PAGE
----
Dialing Long Distance

(Courtesy of Houston Conti.)

Sam Mowe

He was in the stands near the potential draftees at Madison Square Garden on draft night June 28, 2005. He hangs out with NBA players Jarrett Jack, Zach Randolph, and Brandon Roy. He attends practices of the Portland Trail Blazers. No, I am not talking about small forward Martell Webster who was selected with the sixth pick of the 2005 draft by the Blazers, though I very well could be. I’m talking about his brother Huston Conti (sophomore), an Oxy student and member of the Men’s Basketball Team, who was cheering Martell on while he watched him walk across that stage in the Big Apple to shake NBA commissioner David Stern’s hand. Let me explain.

Huston met Martell in the third grade at their elementary school in Capital Hill, right outside Seattle, during a basketball game at recess.

“I called him for a travel,” Huston said. “But he thought he didn’t, and we got in an argument about it. Eventually a teacher came over to see what was going on and he decided that I was right.”

Their friendship really got started that summer after fifth grade when Huston invited Martell to play on his Hoop It Up team. Their team didn’t win the championship but the two got progressively closer as the summer went on and it ended with the pair “practically joined at the hip,” Huston said.

The friendship developed into something more than most childhood friends experience when Martell moved in with Huston’s family during their middle school years and their first couple of years of high school due to some family issues that Martell was going through.

“People ask me ‘Is Martell your best friend?'” Huston said. “And I’m like ‘No,’ because it’s more than that.”

Growing up, Martell split time living with the Conti family and at his grandmother’s place. Throughout the conversation I had with Huston in the Tiger Cooler a couple of weeks ago (a meeting which he showed up to wearing the practice shorts that Martell was given for playing in the McDonalds All-American game in high school) he repeatedly stressed that the bond that they have is deeper than most friends could even imagine.

“Blood couldn’t even make us any closer,” Huston said. “I mean he’s just like family. He’s my brother.”

“Brother” is a word that was used again and again by Huston as well as by Martell, who took time out of his hectic schedule to rave about the Conti family. “Huston is my brother, that’s as simple as I can put it,” Martell said. “I see his parents, Leslie and Tony Conti, as my parents too. His little brother James is like my little brother. Huston and I both have each others’ backs through any and everything.”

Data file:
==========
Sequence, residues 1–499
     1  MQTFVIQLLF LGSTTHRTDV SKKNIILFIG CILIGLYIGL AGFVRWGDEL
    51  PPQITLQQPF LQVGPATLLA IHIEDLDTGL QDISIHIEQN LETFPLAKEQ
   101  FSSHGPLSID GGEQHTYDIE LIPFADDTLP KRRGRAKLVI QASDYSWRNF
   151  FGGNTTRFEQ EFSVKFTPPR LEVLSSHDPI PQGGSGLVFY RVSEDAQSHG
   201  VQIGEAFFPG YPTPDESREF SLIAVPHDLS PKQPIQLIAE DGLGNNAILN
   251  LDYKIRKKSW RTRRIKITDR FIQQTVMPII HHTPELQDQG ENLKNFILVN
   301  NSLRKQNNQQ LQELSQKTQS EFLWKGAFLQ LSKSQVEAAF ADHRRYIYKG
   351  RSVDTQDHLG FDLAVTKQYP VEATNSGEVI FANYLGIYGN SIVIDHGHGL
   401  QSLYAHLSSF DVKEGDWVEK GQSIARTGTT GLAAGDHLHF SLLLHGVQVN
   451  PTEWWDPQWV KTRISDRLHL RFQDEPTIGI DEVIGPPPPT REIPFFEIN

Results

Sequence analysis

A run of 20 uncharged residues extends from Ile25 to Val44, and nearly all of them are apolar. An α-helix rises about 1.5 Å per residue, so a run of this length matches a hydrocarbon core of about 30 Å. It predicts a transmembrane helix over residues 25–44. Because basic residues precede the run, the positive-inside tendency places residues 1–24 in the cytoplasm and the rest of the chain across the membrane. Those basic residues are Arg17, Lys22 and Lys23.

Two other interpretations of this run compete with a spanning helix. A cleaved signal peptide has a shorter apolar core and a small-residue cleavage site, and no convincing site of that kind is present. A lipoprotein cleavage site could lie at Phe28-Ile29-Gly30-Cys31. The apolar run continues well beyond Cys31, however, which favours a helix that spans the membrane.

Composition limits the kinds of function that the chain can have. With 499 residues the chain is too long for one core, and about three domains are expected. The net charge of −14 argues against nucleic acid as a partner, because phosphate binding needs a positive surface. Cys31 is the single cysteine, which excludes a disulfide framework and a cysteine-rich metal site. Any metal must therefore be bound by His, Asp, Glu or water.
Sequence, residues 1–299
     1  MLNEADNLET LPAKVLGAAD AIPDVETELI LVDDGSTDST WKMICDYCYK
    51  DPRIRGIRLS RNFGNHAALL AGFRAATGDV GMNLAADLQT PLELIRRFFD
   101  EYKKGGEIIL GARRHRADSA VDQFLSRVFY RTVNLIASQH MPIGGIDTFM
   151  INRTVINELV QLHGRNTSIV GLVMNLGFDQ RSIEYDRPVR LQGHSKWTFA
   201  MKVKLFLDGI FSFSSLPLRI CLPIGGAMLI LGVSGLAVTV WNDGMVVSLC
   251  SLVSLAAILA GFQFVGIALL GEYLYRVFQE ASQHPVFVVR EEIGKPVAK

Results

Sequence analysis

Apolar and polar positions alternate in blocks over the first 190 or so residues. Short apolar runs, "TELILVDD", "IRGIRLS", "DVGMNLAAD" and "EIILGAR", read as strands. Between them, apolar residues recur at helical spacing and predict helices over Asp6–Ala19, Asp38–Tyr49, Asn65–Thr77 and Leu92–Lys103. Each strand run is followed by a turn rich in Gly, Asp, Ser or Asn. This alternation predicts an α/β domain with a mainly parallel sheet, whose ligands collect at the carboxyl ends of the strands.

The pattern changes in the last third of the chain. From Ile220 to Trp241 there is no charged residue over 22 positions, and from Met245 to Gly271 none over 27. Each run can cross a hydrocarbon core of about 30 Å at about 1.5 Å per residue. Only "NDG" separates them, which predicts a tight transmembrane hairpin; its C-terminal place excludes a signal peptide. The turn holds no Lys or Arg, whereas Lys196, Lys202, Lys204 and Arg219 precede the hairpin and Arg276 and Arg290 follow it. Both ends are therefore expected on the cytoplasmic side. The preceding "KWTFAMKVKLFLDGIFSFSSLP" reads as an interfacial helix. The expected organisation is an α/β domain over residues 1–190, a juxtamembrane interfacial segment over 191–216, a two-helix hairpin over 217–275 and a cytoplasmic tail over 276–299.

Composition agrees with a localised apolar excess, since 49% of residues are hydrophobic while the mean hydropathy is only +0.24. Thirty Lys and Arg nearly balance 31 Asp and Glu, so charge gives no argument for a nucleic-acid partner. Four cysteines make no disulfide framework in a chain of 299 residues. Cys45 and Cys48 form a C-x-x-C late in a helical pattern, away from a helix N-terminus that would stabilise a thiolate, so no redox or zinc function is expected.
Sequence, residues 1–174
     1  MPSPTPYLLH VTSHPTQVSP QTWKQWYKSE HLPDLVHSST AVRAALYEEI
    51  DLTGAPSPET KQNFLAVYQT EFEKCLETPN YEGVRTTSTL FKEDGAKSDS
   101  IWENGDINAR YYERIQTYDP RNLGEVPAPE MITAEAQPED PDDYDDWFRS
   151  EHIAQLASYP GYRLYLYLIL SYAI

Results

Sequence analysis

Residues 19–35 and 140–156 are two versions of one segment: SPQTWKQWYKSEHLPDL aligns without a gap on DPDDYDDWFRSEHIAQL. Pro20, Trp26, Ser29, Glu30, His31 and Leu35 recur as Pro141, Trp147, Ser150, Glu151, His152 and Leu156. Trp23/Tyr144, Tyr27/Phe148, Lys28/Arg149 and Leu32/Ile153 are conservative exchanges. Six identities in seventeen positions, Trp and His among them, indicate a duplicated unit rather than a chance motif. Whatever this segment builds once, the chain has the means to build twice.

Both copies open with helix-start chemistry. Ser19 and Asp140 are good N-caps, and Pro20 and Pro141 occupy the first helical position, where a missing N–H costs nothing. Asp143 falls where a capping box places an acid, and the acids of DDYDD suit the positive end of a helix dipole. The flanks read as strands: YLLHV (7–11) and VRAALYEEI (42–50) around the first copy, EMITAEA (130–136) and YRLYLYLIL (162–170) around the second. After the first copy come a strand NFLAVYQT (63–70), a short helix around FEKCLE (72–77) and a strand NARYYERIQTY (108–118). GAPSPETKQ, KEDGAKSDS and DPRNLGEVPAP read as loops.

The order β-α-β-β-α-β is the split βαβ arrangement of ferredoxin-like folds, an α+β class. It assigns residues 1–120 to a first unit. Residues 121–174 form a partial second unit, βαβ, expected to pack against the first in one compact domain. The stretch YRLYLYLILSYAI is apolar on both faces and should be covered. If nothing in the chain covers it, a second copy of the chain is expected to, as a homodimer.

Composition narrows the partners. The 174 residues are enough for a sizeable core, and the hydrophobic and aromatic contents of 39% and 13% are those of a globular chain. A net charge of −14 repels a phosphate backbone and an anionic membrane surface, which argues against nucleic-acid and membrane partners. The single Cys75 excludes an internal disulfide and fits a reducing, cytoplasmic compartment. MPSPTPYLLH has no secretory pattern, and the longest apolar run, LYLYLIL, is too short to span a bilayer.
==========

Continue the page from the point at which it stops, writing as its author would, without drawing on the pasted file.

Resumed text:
Though they would remain close after they graduated from high school, their relationship had to change in other ways as Huston prepared for playing DIII basketball in college and Martell entered the NBA draft.

“We try to talk once a week now to make sure everything is good,” Martell said. “It is harder to get together especially when he is at college and I’m traveling so much for games.”However, they still live together in Seattle during the summer so that they can work on their games and hang out just like they did growing up.

“Our relationship really hasn’t changed much over the years,” Martell said. “Probably just what we talk about has changed now that we are 20, but we still act like we are 13 on a regular basis.”

Something that has definitely remained the same between the two is a mutual respect for the game of basketball. Huston was there for Martell when he was making the decision about whether to make the jump to the NBA from high school. Likewise, Martell was anxious to hear from Huston about how the Tigers were doing in this season’s playoff run. Of course, they also love critiquing each other’s games in person while they play against each other.

“If we played one on one a hundred times,” Huston said. “I would say I would beat him about 40.”

Standing at 6’7″ Martell doesn’t quite see eye to eye with his 6’1″ childhood friend on this one. “Huston and I always play one-on-one every time we workout and I don’t keep track of how many games each one of us wins, but I always win the majority of the games without a doubt,” Martell said. “Now that he’s throwing out numbers we might have to start counting these games.”

Either way, these one-on-one competitions do more than just build upon their individual basketball games. They also express the nature of their relationship. They are, quite literally, always guarding one another.

“He has helped my game as I have helped his,” Martell said. “Brothers are always there for each other. Enough said.”

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